What is bacterial endocarditis?
Bacterial endocarditis is an infection the membrane that covers the inner surface of the heart (endocardium).
Bacterial endocarditis is caused by specific bacteria which can travel to the heart through the blood. It can enter the blood from an infection somewhere else in the body. It can also enter during an activity that causes breaks in the skin or tissues. This activity can be dental work, surgery, or IV drug use.
The bacteria may be able to attach to the endocardium. Some heart conditions can increase the chance of infections. These conditions may cause blood flow to be blocked or to pool. This provides a place for the bacteria to build up.
What are the risk factors for bacterial endocarditis?
The following conditions put you at greater risk during certain procedures:
- Heart valve scarring, due to rheumatic fever or other conditions.
- Artificial heart valve.
- Heart defect present at birth.
- Prior episode of endocarditis.
- Mitral valve prolapse, with significant regurgitation (abnormal backflow of blood).
The conditions listed above increase your risk of the infection with certain activities such as:
- IV drug use—risk is very high when needles are shared.
- Any dental procedure, even cleanings.
- Removal of tonsils or adenoids, and other procedures involving the ears, nose, and throat.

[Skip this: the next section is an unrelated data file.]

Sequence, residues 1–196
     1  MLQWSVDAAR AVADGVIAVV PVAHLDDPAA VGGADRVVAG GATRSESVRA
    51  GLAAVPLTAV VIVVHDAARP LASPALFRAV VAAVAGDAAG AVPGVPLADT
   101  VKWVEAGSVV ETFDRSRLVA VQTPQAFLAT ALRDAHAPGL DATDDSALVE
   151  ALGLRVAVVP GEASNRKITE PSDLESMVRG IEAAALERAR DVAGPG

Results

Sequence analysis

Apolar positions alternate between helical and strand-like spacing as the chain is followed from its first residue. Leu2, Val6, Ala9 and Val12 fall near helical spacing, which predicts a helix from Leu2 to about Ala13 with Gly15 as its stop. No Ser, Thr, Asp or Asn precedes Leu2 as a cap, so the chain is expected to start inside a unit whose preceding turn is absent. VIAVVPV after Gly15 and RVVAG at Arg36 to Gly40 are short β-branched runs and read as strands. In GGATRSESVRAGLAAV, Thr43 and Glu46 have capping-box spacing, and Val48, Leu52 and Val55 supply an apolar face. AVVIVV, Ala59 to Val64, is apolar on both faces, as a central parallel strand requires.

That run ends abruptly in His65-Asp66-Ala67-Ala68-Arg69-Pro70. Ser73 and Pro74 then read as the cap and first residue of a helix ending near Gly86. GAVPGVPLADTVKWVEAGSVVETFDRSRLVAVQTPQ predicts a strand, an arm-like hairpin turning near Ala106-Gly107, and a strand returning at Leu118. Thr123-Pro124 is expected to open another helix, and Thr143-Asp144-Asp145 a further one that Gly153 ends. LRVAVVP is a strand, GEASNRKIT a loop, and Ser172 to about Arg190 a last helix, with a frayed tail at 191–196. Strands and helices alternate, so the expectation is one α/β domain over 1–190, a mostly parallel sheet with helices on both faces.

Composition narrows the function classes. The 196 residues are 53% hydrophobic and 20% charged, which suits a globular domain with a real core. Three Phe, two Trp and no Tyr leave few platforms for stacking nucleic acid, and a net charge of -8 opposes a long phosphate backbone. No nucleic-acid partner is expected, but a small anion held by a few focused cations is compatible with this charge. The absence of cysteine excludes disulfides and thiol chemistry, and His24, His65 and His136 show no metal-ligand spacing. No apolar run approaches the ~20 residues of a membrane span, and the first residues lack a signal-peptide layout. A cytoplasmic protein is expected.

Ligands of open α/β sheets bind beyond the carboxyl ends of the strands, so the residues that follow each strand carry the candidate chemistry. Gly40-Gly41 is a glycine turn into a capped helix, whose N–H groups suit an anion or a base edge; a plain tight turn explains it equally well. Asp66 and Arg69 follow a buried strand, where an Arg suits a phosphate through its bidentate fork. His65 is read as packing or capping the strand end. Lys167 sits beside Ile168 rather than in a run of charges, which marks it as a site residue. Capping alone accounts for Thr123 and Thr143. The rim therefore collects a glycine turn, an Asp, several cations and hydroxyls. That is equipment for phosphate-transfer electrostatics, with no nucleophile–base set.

- Viewing the airways though a thin, lighted tube— bronchoscopy.
- Surgery on the gastrointestinal or urinary tracks, including the gallbladder and prostate.
Diagnosis & Treatment Options
How is bacterial endocarditis diagnosed?
To test for bacterial endocarditis, your healthcare provider will perform a physical exam and listen to your heart for a murmur.
Other tests they may perform include:
- Blood tests.
- Blood cultures.
- Electrocardiogram (EKG).
- Imaging tests, like a CT scan.
- Transesophageal echocardiogram.
How is bacterial endocarditis treated?
Treatment will focus on getting rid of the infection in the blood and heart.
- Medication: Bacterial endocarditis requires hospitalization for treatment. Antibiotics are given through an IV. This therapy may last for four to six weeks.
- Surgery: The antibiotics may not remove the bacteria or the infection may return. In this case, surgery may be needed. Surgery may also be needed if there was damage done to the heart or valves from the infection.
Preparing for Care
When should I contact my healthcare provider?
Make an appointment with your healthcare provider if you have any of the following symptoms related to bacterial endocarditis:
- Unexplained weight loss.
- Poor appetite.
- Muscle aches.
- Joint pain.
- Shortness of breath.
- Little red dots on the skin, inside the mouth, and/or under the nails.
- Bumps on the fingers and toes.